And, just as the mountains had me at hello, so did my friend I've never met. I knew there in the middle of the airport as we hugged and cried and barricaded the exiting passenger route for a good minute or so while we huddled, that this week was going to be just fine.
Our girls have settled into this delicious comfort zone brew of holding hands and skipping and trading tennis shoes seasoned with a few good "I had it first" face-offs to keep it real. And the fact that there are piles of our crap in their living room corners and I don't even feel compelled to clean them up goes to show you just how welcoming they've made us feel. It feels like family, and we are drinking it in.
So, as two blogging mamas memorializing this experience, Nici and I are asking each other five questions about this whole gig on our blogs.
1. How do you like Montana, you Floridian? What's how you thought it'd be and what's different?
Dude, for starters, your mountains slay me. I always talk about the beach being my church and this spiritualness I get from sunsets and salty craters on Isle of Capri, but I feel it in a different way here. It's gorgeous. Even your sunlight is different. Our sun is exuberant and wild, yours is lazy and care-free. Both good...but different. From how you've described it in the past, I've always felt Missoula has this major creative energy flowing from it, and I certainly feel it being here. As far as what's different that what I expected? It feels more like home than I imagined which just goes to show you not only how much you've shared of "your place" but how you can be anywhere and find something to relate to.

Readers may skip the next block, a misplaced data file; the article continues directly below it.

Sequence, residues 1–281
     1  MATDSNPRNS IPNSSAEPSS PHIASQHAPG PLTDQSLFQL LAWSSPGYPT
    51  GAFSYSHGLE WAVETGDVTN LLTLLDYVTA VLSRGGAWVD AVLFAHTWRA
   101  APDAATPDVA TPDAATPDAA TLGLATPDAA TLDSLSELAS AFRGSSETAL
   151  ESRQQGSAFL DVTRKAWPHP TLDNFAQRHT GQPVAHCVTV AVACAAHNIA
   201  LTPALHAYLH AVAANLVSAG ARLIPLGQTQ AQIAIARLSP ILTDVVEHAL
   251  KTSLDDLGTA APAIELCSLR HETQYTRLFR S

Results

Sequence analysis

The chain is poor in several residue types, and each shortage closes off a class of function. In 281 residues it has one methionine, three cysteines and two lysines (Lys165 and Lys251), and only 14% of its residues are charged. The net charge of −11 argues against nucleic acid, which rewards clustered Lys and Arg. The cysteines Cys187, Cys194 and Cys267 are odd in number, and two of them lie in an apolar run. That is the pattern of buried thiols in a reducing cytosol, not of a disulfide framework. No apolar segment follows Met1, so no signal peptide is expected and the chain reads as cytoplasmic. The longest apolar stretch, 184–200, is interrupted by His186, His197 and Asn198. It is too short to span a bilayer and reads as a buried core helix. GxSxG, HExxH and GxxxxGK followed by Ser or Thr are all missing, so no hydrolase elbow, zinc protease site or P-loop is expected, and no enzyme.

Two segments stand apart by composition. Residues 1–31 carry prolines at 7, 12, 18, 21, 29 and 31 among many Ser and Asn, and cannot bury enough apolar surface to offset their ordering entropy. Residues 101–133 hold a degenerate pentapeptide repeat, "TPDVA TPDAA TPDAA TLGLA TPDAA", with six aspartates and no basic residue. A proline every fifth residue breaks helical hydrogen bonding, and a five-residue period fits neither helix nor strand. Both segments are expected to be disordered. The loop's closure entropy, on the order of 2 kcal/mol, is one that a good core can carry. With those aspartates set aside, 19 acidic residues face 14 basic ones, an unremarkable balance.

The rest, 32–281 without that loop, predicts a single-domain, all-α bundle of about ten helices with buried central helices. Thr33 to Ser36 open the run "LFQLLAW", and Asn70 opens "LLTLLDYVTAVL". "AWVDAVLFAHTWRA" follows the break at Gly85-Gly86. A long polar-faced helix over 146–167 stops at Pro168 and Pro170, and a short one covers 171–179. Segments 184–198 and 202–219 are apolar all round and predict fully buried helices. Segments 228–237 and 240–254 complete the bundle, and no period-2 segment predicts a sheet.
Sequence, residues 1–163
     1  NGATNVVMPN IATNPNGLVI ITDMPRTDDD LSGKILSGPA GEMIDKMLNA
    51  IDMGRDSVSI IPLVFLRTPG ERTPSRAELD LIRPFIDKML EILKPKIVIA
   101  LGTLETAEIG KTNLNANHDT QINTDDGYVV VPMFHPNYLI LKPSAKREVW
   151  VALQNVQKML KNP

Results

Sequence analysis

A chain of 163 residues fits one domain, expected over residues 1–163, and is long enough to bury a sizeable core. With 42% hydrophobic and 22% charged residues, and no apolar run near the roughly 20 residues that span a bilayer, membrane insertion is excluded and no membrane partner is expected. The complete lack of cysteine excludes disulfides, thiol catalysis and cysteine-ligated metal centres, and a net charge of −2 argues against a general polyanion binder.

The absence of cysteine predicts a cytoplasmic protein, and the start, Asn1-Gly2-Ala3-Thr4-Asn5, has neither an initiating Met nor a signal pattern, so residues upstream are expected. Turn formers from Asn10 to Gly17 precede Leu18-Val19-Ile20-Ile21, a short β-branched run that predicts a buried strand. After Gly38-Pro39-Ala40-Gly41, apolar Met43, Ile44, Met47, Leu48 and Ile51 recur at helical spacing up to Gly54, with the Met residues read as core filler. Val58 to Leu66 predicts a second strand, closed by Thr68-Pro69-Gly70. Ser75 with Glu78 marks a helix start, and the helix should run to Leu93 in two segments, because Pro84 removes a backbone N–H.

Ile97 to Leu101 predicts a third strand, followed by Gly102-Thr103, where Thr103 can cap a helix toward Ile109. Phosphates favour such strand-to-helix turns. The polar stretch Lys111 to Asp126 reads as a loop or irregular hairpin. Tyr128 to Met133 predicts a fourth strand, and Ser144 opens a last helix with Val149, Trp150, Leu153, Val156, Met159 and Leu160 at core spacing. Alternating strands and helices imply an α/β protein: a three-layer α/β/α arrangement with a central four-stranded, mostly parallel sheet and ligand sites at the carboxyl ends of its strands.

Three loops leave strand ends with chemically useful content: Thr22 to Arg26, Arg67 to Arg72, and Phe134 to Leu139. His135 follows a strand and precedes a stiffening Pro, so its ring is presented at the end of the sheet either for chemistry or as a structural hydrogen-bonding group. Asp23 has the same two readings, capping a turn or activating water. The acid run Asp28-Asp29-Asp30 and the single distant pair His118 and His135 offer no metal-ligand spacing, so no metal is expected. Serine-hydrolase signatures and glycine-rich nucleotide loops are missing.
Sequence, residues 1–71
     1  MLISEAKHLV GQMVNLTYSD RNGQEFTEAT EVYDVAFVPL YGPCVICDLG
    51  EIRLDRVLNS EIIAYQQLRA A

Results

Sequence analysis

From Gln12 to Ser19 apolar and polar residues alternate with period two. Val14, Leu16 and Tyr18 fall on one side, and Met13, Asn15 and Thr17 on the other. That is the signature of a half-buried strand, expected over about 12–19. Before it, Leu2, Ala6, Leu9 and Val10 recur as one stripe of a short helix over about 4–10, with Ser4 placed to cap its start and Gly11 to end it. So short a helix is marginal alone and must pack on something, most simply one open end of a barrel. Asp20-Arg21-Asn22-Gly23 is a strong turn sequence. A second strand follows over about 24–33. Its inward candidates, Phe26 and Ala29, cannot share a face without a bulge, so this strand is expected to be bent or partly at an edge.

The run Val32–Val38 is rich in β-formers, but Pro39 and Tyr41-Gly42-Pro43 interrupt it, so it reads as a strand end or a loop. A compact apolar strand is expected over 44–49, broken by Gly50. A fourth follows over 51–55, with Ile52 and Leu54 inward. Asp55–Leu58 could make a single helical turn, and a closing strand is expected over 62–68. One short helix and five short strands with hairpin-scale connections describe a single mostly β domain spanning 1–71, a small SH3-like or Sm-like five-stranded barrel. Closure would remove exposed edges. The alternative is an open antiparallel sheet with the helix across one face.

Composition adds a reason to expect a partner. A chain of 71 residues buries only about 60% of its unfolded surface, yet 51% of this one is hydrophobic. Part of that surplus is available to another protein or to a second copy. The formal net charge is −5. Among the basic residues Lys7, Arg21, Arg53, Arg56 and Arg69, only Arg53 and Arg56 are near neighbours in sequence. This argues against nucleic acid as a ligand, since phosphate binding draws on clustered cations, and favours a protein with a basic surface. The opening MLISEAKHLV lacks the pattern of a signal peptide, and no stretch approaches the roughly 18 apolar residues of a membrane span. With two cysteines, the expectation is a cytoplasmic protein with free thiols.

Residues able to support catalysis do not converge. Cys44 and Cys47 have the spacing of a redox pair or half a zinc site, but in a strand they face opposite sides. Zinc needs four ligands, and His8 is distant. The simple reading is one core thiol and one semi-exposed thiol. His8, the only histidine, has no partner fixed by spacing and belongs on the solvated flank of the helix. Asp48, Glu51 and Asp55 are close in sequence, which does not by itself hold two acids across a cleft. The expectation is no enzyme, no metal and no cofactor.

2. So you met me, a person you've talked to for years and thought you knew. That's crazy. How'd I measure up to your expectations? Be honest. And please don't talk about my b.o. yesterday morning.